Beijing tells US to cancel US$330 million Taiwan arms deal
Proposed sale of aircraft parts further inflames tensions between China and US
Beijing protested to Washington on Tuesday and demanded it cancel a planned US$330 million arms sale to Taiwan, warning that bilateral cooperation would be affected if it went ahead with the deal.
The proposal announced by US defence officials on Monday comes as relations between Beijing and Washington are already strained.
Taiwan said the deal would help boost the self-ruled island’s defences, but Chinese foreign ministry spokesman Geng Shuang said Beijing had lodged stern representations with the US about the plan.
“We urge the US side … to immediately cancel this deal and cut off military ties with Taiwan to avoid doing serious damage to China-US relations, peace and stability in the Taiwan Strait and cooperation between US and China in important areas,” Geng told a regular press briefing on Tuesday, without elaborating.
China’s defence ministry also delivered a similar warning.
The proposal will go before the US Congress and covers spare parts for F-16, C-130 and F-5 indigenous defence fighter jets, and other aircraft systems.
“This proposed sale will contribute to the foreign policy and national security of the United States by helping to improve the security and defensive capability of the recipient, which has been and continues to be an important force for political stability, military balance and economic progress in the region,” the Pentagon’s Defence Security Cooperation Agency said in a statement.
Beijing regards Taiwan as a breakaway province to be reunited with the mainland, by force if necessary. It has previously warned Washington against selling weapons to Taiwan and establishing military relations with the island, and remains locked in a trade war with the US.
Taiwan’s Presidential Office welcomed the move. “We greatly appreciate that the US government takes note of the national security of Taiwan and its commitments to firmly abide by the Taiwan Relations Act and six assurances [regarding US policy towards the island],” office spokesman Alex Huang said.
He said the latest weapons sale could also help boost the island’s confidence in facing security challenges from Beijing, and strengthen its ability to ensure cross-strait and regional peace and stability, thereby improving cross-strait relations.
“We will continue to increase our investment in national defence, boost our defence industry and technology development, and closely cooperate and communicate with the US on various security issues and agendas,” Huang said.
The six assurances, issued by former US president Ronald Reagan in 1982, include the US pledging not to set a date for ending arms sales to Taiwan, not to hold prior consultations with Beijing on arms sales to Taipei, and not to play a mediation role between the two sides of the Taiwan Strait.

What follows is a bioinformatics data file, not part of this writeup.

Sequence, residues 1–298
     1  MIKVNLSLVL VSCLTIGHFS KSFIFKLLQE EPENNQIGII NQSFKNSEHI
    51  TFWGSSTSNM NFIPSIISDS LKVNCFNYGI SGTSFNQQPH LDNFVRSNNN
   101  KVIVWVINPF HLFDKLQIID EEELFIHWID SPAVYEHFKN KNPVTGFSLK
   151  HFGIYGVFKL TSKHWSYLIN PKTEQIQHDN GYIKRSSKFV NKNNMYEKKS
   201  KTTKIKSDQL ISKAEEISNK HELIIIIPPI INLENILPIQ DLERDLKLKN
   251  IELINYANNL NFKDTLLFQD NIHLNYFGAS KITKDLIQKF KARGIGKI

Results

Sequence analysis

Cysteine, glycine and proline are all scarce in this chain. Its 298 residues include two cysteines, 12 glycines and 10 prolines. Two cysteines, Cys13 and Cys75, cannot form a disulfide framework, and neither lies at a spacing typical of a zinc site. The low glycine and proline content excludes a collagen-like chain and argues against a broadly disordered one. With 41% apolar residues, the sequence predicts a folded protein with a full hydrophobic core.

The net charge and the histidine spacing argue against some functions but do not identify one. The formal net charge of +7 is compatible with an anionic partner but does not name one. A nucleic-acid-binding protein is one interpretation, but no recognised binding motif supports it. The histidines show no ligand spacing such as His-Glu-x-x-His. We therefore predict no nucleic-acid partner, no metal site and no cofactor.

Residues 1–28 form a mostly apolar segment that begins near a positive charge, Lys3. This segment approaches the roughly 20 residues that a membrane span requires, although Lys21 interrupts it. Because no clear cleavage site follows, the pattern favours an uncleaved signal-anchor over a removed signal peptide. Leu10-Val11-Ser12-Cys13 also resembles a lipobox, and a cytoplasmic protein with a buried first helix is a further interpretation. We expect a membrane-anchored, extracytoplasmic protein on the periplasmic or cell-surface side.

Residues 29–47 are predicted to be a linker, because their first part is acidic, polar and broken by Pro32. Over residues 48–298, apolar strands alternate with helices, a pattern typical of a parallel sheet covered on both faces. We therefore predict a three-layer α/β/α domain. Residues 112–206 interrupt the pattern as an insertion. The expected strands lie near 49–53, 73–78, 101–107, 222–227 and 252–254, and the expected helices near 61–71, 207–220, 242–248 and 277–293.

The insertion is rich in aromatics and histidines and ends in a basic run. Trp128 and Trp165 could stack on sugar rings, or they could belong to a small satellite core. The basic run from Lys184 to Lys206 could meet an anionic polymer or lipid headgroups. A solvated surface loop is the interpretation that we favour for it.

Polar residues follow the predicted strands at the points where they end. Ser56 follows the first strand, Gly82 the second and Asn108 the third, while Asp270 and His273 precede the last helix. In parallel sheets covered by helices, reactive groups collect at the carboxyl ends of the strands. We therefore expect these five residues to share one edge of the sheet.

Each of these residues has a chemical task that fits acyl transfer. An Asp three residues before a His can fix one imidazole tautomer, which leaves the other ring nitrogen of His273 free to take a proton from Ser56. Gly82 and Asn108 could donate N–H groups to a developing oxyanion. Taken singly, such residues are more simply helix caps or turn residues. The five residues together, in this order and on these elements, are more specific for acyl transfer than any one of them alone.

The planned arms deal was announced days after the US State Department imposed sanctions on a key Chinese military unit and its director for buying Russian fighter jets and surface-to-air missiles – a move that inflamed tensions amid the spiralling trade war.
Chinese analysts said the latest moves showed all aspects of China-US relations – from trade to security – were under strain, and Beijing was likely to retaliate.
“Beijing is much more confident now, and it’s in a better position to take countermeasures than it was before,” said Shen Dingli, director of the Programme on Arms Control and Regional Security at Fudan University in Shanghai.
“The US has to work with other countries, including China, in areas like counterterrorism, non-proliferation, anti-money laundering and infectious disease control,” he said. “It can’t expect China to cooperate whenever it makes a demand while it is hurting China’s interests.”
This year’s arms deal is relatively small compared with previous years and it involves maintenance and spare parts, which will not make much difference to the power balance across the strait, said Pang Zhongying, a foreign affairs expert at the Ocean University of China. But he said it was the timing of the announcement that had infuriated Beijing, coming so soon after the sanctions were imposed.
This will be the second US arms deal to Taiwan under the administration of US President Donald Trump after it agreed to sell a US$1.4 billion weapons package, mainly missiles, to the island last year.
Hong Kong-based military commentator Song Zhongping said there was likely to be a much bigger and more sensitive deal announced next year – possibly including the powerful M1A2 tanks that Taiwan has asked for – after the US Congress passed the National Defence Authorisation Act, pledging to sell more weapons to the island.
“US arms sales to Taiwan are a long-term matter. The smaller deal this year means they could be building up to challenge Beijing with something bigger in the future,” Song said.